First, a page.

Even though Apple is one of the most profitable companies on earth, is it actually in decline? This is the question Steve Blank addresses in this article. His basic premise is that Tim Cook of Apple, like Steve Balmer at Microsoft before him, is excellent at execution but lacks an essential element that propels truly great companies – vision.
Whether you believe that Apple is in long-term trouble or not, the comparison with Microsoft under Ballmer is an interesting one that bears discussion. The tension between the operational excellence and the transformational growth sides of large companies has been researched and documented extensively and it is a tension that seems inevitable with any very successful company that is changing leadership.
Some interesting excerpts from the article that argue this point:
- … if the purpose of (Microsoft) is long-term survival, then one could make a much better argument that (Ballmer) was a failure as a CEO as he optimized short-term gains by squandering long-term opportunities.
- (Microsoft’s) misses weren’t in some tangential markets – missing search, mobile and the cloud were directly where Microsoft users were heading… Ballmer and Microsoft failed because the CEO was a world-class executor (a Harvard grad and world-class salesman) of an existing business model trying to manage in a world of increasing change and disruption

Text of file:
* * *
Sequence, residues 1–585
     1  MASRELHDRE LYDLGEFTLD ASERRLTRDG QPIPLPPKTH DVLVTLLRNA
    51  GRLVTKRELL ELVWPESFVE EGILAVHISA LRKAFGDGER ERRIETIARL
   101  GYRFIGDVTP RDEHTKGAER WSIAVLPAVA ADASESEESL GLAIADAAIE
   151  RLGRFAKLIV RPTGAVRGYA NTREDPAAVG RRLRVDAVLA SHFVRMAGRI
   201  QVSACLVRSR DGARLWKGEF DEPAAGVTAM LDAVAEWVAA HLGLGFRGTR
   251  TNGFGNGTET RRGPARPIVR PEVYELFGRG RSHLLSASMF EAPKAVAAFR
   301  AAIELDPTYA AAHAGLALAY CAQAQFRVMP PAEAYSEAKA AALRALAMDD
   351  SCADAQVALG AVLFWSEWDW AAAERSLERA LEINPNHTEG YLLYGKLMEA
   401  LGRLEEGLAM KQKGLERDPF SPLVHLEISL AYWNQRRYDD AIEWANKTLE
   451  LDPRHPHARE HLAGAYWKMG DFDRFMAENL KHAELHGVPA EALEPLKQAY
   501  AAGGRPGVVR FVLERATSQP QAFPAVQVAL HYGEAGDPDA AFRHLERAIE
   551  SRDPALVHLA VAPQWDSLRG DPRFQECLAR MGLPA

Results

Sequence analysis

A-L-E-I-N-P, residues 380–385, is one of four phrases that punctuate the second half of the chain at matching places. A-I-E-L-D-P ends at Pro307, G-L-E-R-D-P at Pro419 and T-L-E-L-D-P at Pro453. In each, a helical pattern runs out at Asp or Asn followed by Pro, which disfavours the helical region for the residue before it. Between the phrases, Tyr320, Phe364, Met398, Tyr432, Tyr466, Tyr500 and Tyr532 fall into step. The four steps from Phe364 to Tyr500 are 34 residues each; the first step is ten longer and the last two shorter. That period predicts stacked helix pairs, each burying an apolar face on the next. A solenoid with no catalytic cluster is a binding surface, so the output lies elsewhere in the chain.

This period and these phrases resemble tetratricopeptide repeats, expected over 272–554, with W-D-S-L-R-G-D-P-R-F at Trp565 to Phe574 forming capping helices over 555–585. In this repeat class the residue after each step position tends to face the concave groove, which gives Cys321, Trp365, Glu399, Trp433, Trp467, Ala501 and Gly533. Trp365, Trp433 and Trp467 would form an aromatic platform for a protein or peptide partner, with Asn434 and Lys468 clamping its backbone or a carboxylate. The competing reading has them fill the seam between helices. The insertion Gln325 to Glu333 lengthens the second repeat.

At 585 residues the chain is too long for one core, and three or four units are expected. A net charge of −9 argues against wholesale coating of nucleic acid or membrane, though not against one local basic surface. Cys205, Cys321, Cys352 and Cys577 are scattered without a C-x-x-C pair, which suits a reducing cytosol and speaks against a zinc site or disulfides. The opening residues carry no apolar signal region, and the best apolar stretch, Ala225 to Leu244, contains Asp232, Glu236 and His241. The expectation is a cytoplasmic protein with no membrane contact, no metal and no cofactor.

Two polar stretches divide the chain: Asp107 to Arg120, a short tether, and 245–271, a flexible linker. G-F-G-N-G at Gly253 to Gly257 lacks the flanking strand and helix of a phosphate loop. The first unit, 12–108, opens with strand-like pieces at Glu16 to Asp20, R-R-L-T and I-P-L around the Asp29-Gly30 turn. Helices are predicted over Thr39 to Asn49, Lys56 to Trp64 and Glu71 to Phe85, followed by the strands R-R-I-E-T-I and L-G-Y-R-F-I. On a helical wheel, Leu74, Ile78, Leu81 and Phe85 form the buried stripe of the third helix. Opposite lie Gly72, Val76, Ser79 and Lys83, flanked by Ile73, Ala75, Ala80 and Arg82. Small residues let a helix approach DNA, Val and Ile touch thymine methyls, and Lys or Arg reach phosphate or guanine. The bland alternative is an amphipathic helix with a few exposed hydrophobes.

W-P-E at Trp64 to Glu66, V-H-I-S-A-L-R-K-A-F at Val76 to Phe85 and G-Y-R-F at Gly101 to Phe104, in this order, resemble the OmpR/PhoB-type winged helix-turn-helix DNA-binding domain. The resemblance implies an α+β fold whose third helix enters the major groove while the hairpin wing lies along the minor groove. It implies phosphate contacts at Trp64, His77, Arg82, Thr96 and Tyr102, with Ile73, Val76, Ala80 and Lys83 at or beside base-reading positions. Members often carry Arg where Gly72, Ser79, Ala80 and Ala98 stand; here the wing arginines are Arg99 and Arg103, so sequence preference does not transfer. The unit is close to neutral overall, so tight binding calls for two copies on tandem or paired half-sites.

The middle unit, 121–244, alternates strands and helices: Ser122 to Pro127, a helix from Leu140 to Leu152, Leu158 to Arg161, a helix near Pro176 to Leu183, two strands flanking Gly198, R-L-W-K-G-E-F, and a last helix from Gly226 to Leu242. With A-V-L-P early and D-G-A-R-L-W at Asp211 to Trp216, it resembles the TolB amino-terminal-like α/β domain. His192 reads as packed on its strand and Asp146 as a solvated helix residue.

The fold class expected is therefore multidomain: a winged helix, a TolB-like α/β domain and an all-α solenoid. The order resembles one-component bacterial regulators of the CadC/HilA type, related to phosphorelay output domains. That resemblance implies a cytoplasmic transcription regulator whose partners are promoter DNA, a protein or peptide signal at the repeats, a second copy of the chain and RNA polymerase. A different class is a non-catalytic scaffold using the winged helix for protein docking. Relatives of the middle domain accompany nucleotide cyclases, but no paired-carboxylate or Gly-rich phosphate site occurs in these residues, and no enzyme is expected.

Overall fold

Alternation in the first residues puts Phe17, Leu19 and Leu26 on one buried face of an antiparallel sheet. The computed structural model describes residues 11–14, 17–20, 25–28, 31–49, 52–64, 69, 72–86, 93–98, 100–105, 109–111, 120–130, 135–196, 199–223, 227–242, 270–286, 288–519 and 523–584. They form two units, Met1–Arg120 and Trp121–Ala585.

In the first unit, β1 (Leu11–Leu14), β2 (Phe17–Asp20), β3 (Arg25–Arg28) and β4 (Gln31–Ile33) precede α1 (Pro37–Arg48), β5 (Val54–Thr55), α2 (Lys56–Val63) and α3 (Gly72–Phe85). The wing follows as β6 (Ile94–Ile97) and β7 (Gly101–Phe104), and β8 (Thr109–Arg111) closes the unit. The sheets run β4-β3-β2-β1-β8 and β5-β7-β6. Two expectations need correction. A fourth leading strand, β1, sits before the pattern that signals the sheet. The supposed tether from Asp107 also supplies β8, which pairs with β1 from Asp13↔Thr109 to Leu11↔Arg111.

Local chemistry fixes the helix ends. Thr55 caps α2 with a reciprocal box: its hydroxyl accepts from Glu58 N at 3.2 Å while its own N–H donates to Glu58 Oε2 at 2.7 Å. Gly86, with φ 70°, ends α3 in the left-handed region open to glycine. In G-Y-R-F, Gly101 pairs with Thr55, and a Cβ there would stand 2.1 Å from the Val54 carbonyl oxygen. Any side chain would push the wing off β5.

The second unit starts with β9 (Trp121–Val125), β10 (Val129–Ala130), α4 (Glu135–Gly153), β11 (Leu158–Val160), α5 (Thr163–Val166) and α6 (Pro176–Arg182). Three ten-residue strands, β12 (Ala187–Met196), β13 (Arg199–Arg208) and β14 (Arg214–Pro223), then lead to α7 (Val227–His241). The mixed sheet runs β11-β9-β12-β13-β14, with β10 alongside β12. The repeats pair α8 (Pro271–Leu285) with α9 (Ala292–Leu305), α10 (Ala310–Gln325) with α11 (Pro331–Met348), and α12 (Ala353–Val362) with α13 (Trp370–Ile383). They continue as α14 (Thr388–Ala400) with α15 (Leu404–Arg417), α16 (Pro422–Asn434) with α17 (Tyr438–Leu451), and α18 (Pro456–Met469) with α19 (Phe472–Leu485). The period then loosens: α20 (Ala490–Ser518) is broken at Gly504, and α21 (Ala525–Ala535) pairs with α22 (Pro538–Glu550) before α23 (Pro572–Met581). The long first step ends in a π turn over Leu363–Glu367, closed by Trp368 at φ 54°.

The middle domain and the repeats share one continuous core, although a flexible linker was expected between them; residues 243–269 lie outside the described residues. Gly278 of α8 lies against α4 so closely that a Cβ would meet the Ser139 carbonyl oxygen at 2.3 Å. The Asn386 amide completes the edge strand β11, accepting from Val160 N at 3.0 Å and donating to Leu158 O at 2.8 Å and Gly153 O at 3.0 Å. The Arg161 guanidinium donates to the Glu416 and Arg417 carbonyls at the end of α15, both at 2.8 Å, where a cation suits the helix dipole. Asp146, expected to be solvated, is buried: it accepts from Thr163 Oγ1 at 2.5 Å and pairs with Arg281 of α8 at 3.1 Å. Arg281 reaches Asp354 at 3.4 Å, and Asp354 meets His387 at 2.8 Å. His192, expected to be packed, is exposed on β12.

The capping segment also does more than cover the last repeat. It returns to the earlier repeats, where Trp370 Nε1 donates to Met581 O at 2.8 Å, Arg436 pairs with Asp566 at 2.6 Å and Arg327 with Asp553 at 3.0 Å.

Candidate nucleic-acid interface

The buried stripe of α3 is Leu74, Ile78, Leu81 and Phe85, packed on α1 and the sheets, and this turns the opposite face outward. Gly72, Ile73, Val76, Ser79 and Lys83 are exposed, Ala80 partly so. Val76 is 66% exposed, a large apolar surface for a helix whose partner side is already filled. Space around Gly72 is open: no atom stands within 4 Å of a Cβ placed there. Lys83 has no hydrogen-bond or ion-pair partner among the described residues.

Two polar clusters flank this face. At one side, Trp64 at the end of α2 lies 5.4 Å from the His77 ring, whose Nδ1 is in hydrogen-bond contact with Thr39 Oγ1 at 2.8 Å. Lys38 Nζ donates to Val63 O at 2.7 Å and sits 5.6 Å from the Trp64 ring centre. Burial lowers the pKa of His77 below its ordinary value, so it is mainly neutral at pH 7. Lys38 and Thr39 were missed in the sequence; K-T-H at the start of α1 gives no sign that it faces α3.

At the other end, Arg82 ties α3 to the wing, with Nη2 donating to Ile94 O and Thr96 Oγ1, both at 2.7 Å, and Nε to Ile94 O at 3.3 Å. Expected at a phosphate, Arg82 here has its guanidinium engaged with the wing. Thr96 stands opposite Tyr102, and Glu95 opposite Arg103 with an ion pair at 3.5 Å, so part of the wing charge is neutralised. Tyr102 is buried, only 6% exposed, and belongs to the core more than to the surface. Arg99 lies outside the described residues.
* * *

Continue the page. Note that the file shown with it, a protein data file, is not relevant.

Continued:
- The parallel between Gates and Ballmer and Jobs and Cook is eerie… Visionary CEOs are product and business model centric and extremely customer focused… The problem is in a company driven by a visionary CEO, there is only one visionary … (who) surrounds himself with extremely competent executors, but not disruptive innovators.
- Steve Jobs and Bill Gates (and 20thcentury’s other creative icon -Walt Disney) shared the same blind spot: They suggested execution executives as their successors.
- The irony is that in the 21stcentury, the tighter you hold on to your current product/markets, the likelier you will be disrupted.
It remains to be seen whether Apple can manage this tension well or if it needs to go through a ‘Ballmer’ period before it gets its innovation mojo back.